The Nurturer

Published April 2, 2018, 12:05 AM

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By Hannah Jo Uy

Portrait by Pinggot Zulueta

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“My biological life is tied with my creative life,” said Leo Abaya. “I need to inquire, create, and discover to keep me alive.” As a multi-disciplinary visual artist, Abaya has had critical and commercial success with an oeuvre that has delighted audiences locally and abroad. While Abaya recognizes the role external affirmations play in pushing his creative boundaries, it is of secondary concern to the artist because it is, as he describes it, “time consuming.” “There are other occupations and disciplines that are devoted to expertise in those matters,” he commented.

But for a craft that filters the beautiful and the interesting to develop something meaningful and innately human, Abaya has a self-awareness reflected in both his process and output. “I’m like a gardener with many seeds before me,” he said. “The seeds I know of, familiar with and accustomed to, I plant and nurture in the usual way, but regularly experimenting and stretching limits. Some unfamiliar seeds I plant and cultivate, guided by the methods of other gardeners who have experienced cultivating them: be guided by not thoughtlessly follow.  And then at a certain point, it’s gut feel. Pakiramdam. I delight in the cultivation more than the harvest.”

Admittedly, Abaya said, some aspects of his art require methodical deliberation, and others yet, spontaneous exertion. “I try my best to respond accordingly,” he shared. From the beginning, however, Abaya confesses a deep interest in identity and “its different permutations and problems.” “My interest in the body,” he said, “while not exclusive is closely linked to it. Histories interest me not for nostalgia but that it makes me think more, if not critically, of the present.”

This he said, becomes processed in a myriad of different ways, following the rich assortment of experiences that shape and mould his mindset. Abaya’s ability to give himself over to the creative process is embodied by his expertise in many aspects within visual arts, from painting, drawing, set design to filmmaking, all of which are equal in his eyes. “I just know I am drawn to the visual as something to ponder on and make,” he said, “and interestingly as a reason or motivation to be verbal in the written and oral sense.”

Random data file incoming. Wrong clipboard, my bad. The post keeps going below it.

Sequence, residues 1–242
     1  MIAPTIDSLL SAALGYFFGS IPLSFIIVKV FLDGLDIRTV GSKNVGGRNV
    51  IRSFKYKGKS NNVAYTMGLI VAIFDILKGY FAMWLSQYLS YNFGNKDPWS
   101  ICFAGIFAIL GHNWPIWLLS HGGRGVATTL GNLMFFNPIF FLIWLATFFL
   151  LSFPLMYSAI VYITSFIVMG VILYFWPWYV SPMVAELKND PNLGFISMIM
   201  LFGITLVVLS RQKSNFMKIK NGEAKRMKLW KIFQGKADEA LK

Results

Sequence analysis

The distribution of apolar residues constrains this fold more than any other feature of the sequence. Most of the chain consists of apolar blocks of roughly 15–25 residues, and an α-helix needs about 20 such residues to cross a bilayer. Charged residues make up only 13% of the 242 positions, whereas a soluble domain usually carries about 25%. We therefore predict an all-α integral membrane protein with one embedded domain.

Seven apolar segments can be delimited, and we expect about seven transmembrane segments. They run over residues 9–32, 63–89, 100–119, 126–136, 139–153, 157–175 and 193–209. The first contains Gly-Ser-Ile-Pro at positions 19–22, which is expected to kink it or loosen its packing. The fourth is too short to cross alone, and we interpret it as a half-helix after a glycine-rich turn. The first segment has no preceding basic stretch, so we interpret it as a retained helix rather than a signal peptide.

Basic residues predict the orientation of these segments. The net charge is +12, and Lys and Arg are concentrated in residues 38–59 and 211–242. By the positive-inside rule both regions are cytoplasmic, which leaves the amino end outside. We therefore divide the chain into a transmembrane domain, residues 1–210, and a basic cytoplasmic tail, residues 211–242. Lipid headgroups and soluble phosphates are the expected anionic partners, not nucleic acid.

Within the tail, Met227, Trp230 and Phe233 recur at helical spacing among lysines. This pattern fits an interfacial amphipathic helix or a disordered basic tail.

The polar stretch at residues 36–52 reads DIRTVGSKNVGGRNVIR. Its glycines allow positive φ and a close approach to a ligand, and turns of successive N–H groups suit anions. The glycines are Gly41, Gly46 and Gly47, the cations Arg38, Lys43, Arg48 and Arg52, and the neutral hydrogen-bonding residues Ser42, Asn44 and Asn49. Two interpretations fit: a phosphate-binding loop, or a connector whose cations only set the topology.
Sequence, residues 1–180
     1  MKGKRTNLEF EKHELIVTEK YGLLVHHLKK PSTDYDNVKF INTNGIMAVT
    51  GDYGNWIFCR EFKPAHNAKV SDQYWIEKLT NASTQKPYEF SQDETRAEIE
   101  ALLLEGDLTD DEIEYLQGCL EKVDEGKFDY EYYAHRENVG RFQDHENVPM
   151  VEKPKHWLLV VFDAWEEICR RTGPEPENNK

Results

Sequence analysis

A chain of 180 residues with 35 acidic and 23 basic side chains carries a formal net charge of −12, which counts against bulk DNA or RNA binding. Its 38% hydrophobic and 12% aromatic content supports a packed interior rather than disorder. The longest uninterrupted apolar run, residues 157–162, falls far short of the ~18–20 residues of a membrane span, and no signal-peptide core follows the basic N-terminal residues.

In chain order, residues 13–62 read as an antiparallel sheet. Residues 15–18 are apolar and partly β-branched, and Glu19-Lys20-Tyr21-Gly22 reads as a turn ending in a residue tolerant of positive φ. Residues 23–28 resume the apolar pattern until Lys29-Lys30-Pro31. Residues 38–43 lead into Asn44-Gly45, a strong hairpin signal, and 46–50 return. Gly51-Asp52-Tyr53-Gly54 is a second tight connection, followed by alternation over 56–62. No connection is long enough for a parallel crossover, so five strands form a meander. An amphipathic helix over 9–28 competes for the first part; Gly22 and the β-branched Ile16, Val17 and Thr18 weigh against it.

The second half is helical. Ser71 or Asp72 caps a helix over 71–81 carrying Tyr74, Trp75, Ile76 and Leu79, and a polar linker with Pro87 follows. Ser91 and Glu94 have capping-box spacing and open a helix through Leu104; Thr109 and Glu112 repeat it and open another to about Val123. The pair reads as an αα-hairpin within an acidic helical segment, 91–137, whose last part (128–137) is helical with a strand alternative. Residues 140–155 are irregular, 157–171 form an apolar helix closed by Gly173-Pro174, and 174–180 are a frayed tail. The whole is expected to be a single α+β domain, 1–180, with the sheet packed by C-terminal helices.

The diversity in which Abaya chooses to express himself has imbibed his work with a strong eclectic flavor “where style, distinguishable iconography or singularity in medium takes a backseat.” While Abaya does not profess to make art in a swift manner, the sensibility, he said, is there when one looks closely.

Sharing observations gleaned since exhibiting in the ’90s, Abaya said general interest in the visual arts did not evolve in a drastic manner as even then it was a thriving market with exhibitions heavily attended though collectors were far and few in between. “The increase in interest today,” he commented, “is proportionate to the increase in awareness that came with the internet, which to my mind is one of the factors in the increased interest in collecting and in art in general.”

Abaya said that that with the shortcut that the internet media provides in terms of social visibility, the collector and the artist dynamics have positively impacted the primary market and its agencies. “The secondary market too is profiting from it,” he said. “The museums have been revitalized for some years now through or because of it. Artist initiatives and communities have become more visible to the public consciousness for similar reasons.” In this manner, Abaya said, interest in art of late has evolved from the past and is clearly and more concretely translated into economic and cultural exchange as well as discourse between and among artists, curators, academics, collectors, the market, and cultural institutions including non-institutional communities such as artist collectives.

Abaya’s postgraduate education abroad and experience as an exhibiting artist urged him to examine his practice in terms of a deeper awareness that materials and processes “not simply a means to an end but are part and parcel of one’s content such that meaning can be derived and communicated from it; that subject, iconography, technique, and style are not all and end all for me.” In addition, Abaya said, his experiences opened him to theory, which affirms, tests and challenges his subject position as an artist. “As a viewer of art,” he said, “travel and international exposure gives one an appreciation of the range of visual art coming from diverse philosophies, ideologies, and cultures. I’ve realized that the young do not have the monopoly of fresh ideas and visual approaches.”

From what he has seen, Abaya said, maturity is important in art making and the freshest ideas are largely borne from considerable experience in the practice, particularly to the artists who are little known but well respected. “I am also keenly aware that long practice can also tempt the contented artist to resort to formula,” he said. “And I have seen this demonstrated as well, here and there.”

For his part, Abaya said, the biggest challenge is how to remain committed to artistic creation without shirking from social responsibility. “Equally,” he added, “how to make a meaningful contribution to culture without expecting public recognition or institutional reward.” But throughout these reflections on his chosen profession, Abaya said, simply, “I create and live. I create or die.”

 
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